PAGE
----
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Old 03-13-2018, 10:06 AM   #33
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Neutral on the foam. Like Robert, we didn’t get the foam and never have said “sure wish we’d gotten the foam.” If we’d gotten the foam and had to dig it out for a repair, probably would have said “sure wish we had not gotten the foam.” Been in a number of Escapes that have it at gatherings in both hot n cold temps and never felt any noticeable difference, but I’m sure there might be a small measurable difference in extreme temps. Also, it would help a bit with external noise levels although really not a noticeable issue on the trailer without foam.
It is a good option to have available since adding insulation to any living unit is normally a good thing if you have extreme temps. Only negative I can see is digging out for repairs, etc. and of course the added cost. If we were going to do a lot of cold weather camping definitely would have gotten it, but we don’t camp much at all in cold temps.
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Old 03-13-2018, 07:08 PM   #34
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I'm a foamer too. Glad I have it. After a recent almost 5000 mile trip that included many miles of poor roads, a lot of the paint has been sand blasted off my foam. If my frame wasn't covered then it would be the frame that needed painting.

My concerns about the foam was capillary and water action from the foam loosing adhesion to the frame. You wouldn't know there was a problem until something serious was going on. Also, at first blush I wondered about removing the foam to do repairs or mods.

I finally decided to get foamed and quit worrying .... time to go camping anyway!

Hope everyone has a spectacular summer!!!!

Tom
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Old 03-16-2018, 10:23 PM   #35
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I too opted for the foam and glad I did for all the reasons mentioned. In Alaska really helped to protect the underside of my 19. I did have to touch up the paint, but I used that “spray rubber” which seems more durable. Having said that, some folks may just not need the foam. So depends what u will be doing and where.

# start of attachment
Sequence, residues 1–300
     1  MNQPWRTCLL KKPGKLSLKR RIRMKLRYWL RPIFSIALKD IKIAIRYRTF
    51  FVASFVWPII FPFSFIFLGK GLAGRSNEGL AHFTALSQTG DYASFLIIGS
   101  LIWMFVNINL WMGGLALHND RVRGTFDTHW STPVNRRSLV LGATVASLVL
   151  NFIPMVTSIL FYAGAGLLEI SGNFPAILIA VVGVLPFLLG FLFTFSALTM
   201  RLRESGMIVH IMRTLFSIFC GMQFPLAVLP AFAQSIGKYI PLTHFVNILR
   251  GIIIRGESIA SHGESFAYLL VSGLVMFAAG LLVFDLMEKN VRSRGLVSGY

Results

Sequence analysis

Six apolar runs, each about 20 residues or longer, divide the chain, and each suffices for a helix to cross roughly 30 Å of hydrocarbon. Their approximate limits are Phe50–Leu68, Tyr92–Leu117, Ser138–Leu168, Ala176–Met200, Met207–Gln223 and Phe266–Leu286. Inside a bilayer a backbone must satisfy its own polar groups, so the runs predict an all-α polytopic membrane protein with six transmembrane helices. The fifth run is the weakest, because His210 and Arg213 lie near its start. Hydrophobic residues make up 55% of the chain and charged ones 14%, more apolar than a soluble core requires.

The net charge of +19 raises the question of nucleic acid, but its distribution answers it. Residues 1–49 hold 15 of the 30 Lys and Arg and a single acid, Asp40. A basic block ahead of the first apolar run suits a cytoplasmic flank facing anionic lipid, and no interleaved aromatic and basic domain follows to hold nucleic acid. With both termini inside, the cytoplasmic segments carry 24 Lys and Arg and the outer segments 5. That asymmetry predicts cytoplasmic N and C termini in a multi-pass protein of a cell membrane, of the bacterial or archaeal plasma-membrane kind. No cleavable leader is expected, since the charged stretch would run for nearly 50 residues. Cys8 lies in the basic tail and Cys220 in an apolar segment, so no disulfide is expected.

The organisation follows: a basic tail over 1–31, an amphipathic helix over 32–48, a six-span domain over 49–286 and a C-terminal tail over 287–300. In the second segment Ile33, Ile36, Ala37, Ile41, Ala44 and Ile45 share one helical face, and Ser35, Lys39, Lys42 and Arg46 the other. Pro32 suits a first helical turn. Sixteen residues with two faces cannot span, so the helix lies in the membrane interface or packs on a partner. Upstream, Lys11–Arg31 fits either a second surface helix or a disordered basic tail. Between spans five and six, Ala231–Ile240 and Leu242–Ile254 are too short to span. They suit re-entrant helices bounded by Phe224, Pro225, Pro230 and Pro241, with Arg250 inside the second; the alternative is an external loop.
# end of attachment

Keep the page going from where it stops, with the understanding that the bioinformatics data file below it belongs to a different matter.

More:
Good luck!
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Old 03-17-2018, 06:35 AM   #36
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Quote:
Originally Posted by Moaboy View Post
I too opted for the foam and glad I did for all the reasons mentioned. In Alaska really helped to protect the underside of my 19. I did have to touch up the paint, but I used that “spray rubber” which seems more durable. Having said that, some folks may just not need the foam. So depends what u will be doing and where.
Good luck!
What "spray rubber" do you use for this?
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Old 03-17-2018, 11:06 AM   #37
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Comes in a can and is sold in the paint section of any of the big box stores. Goes on like paint, but is thicker and helps adds some resiliency to the foam so it does not pit as easily from rocks, debris, salt etc.
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Old 03-17-2018, 11:12 AM   #38
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Rustoleum sells a spray on undercoating
https://www.amazon.com/Rust-Oleum-24...n+undercoating
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Old 03-17-2018, 05:55 PM   #39
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Hello Y is Me. Just curious, have you narrowed down the Escape models you are considering to full time in? I myself will be traveling full time in my 2017 5.0 TA from this coming May until at least November probably longer.

My ultimate decision to go with the 5th wheel over the 21 model trailer was based on my preference for towing a 5th wheel, but it was a tough decision because I really like the appeal of the 21 with the bath on the same level as the bed, and the longer kitchen counter space.

Having been out now on a couple of extended trips since I picked up my Escape this past October I'm getting very comfortable with all the protocol and procedures for traveling with this small 5th wheel. I really am enjoying it! You won't go wrong with any Escape model you decide on. Happy Travels!

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Old 03-17-2018, 05:58 PM   #40
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..... and the longer kitchen counter space.
Pretty sure they are identical in size.